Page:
Monday, March 3, 2014

Batman: Knightfall, Volume One

 It all started here: DC's infatuation with crippling/incapacitating their heroes and replacing them with inexperienced/crazy/evil newbies.

 DC has been to this well too many times to count over the past few decades, but it pretty much started with BATMAN: KNIGHTFALL and THE DEATH AND RETURN OF SUPERMAN. DC presents the entirety of KNIGHTFALL in BATMAN: KNIGHTFALL, VOLUME ONE, which was released in 2012 to cash in on Bane's THE DARK KNIGHT RISES role.


 As usual, DC's collected editions team fumbles the ball right out of the gate. The book starts off with the one-shot BATMAN: THE VENGEANCE OF BANE, by Chuck Dixon, Graham Nolan, and Eduardo Barreto. Dixon does a masterful job here, introducing Bane, his underlings Trogg, Zombie, and Bird, giving Bane a full origin in the process, and sending the quartet to Gotham, laying the groundwork for Bane's obsession with Batman. Modern-day writers would have milked this story for about 10 or 12 issues.

 So far, so good. But then comes the aforementioned ball-drop:  From VENGEANCE OF BANE, we head right into BATMAN #491, the prelude issue to Knightfall. And we're immediately thrown into a bunch of flashbacks/references to things that we haven't seen. We just saw Bane have his first confrontation with Batman.....yet we've somehow missed Bane beating up Azrael (To say nothing of the fact the we don't know WHO AZRAEL IS!!!), Bane almost getting The Riddler killed, Bane breaking Killer Croc's arms, as well as the run-up to the crossover, which finds an exhausted, mentally and physically drained Batmen fighting for his life. WHY is Batman in such rough shape...? Put it together yourself, because DC left out a slew of issues that would make all of this a much smoother read. More on that later.

 What IS here works quite well, for the most part. For the uninitiated, Bane's master plan involves breaking all of the inmates out of Arkham Asylum, and forcing Batman to run a gauntlet of his worst enemies, bringing him to the brink of collapse, before Bane himself will step in and confront him. Most of Batman's huge rogue's gallery is represented, with the exception of The Penguin, and writers Doug Moench and Chuck Dixon, coordinated by editor Denny O'Neil, do a great job of making the story flow smoothly- There are really no continuity issues to speak of, which is a huge thing in a multi-book crossover like KNIGHTFALL.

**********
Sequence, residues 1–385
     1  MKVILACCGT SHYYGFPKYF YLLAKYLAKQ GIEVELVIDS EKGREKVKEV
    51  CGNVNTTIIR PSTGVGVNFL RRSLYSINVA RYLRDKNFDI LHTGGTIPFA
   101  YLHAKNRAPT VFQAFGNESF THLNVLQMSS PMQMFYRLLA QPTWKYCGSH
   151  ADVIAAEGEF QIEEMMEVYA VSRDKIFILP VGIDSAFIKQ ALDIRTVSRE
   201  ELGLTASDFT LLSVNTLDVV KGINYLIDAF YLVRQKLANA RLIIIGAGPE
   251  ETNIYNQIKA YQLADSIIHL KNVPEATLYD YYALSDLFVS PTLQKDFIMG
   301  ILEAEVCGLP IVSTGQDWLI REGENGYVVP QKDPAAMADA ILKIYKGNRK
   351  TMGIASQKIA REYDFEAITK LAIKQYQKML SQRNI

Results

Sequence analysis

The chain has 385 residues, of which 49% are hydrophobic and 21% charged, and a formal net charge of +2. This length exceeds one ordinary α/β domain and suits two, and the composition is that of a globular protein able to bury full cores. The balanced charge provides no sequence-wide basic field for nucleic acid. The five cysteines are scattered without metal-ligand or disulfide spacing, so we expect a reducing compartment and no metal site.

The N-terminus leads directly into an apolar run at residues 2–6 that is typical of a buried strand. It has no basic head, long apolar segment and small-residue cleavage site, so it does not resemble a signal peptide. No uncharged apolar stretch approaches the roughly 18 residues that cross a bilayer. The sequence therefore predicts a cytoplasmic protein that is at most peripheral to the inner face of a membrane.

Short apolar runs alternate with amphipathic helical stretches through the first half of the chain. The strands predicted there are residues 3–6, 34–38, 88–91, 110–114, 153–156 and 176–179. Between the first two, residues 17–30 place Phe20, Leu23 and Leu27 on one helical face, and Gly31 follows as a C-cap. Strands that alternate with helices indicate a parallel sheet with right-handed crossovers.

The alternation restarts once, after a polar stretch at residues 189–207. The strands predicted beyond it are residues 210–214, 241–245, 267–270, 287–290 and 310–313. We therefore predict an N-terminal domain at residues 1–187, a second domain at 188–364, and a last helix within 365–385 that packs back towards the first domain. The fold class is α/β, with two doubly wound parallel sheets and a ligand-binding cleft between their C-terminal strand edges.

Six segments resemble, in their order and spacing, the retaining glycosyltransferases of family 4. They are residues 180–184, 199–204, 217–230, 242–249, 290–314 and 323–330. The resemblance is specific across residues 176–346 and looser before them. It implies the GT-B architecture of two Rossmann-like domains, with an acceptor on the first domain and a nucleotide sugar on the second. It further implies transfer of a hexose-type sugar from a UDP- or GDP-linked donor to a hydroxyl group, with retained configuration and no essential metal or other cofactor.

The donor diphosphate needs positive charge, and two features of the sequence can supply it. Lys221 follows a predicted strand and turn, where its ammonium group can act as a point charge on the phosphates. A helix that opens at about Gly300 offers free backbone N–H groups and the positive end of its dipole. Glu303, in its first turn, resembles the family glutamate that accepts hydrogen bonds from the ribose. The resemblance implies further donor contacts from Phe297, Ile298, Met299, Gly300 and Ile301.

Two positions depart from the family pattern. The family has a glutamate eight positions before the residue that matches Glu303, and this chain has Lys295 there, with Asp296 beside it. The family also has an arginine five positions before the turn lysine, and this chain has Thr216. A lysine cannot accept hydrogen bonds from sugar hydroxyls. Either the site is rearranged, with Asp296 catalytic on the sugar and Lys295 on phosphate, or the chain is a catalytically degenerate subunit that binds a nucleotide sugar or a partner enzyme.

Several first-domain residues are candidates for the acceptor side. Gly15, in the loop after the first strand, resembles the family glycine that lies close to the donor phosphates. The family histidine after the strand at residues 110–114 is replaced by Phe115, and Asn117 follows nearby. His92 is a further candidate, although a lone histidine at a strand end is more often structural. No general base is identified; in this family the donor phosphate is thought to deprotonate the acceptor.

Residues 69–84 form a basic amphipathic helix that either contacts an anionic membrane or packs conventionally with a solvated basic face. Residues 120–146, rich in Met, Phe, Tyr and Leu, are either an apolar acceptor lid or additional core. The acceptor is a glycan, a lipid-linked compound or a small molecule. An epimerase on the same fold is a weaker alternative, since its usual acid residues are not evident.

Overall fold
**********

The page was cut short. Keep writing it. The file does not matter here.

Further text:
The chinks in the collection start to show once Bane breaks Batman. (A sequence that is horrifyingly illustrated by Jim Aparo....Man, if there was ever a better Batman artist....Well, there wasn't. Aparo was the man, as far as The Dark Knight Detective is concerned.) Once Azrael takes up the mantle of the bat, there's talk of "The System", Azrael's bizarre training/brainwashing, and cryptic flashbacks to the BATMAN: SWORD OF AZRAEL mini-series, which really should have been included. Nothing truly fits without knowing who Azrael is, how he came to know Batman, how his skills's all a big blank, made worse by the fact that you can't easily buy the SWORD OF AZRAEL collection, because it's long out-of-print. Sloppy collecting, DC.

 I was there when this was all being originally serialized, so I can put the pieces together...I don't think new readers will have as easy a time of it. That said, this is a big, chunky book, and you get a lot of bang for your buck. It tells a (relatively) complete story, ending at a very satisfactory place, and setting the second volume up nicely.

 Overall, BATMAN: KNIGHTFALL, VOLUME ONE is a strong book, with very few weak links (There's a three issue Alan Grant/Bret Blevins SHADOW OF THE BAT arc that's just awful...), but the narrative momentum is strong enough to overcome a few bad patches. The final showdown between Azrael and Bane is a showstopper, and is a perfect way to end the book. This first volume collects 24 issues worth of material, and is basically a full-color equivalent of a Marvel Essentials book. The paper is plain old newsprint, but the reproduction quality is good...Overall, I had no complaints. If this were Marvel, I'd say that there would probably be a deluxe omnibus coming, for those that want better paper and production values, but it's DC, so I'm thinking that this might just be your only real chance to own this storyline for the foreseeable future.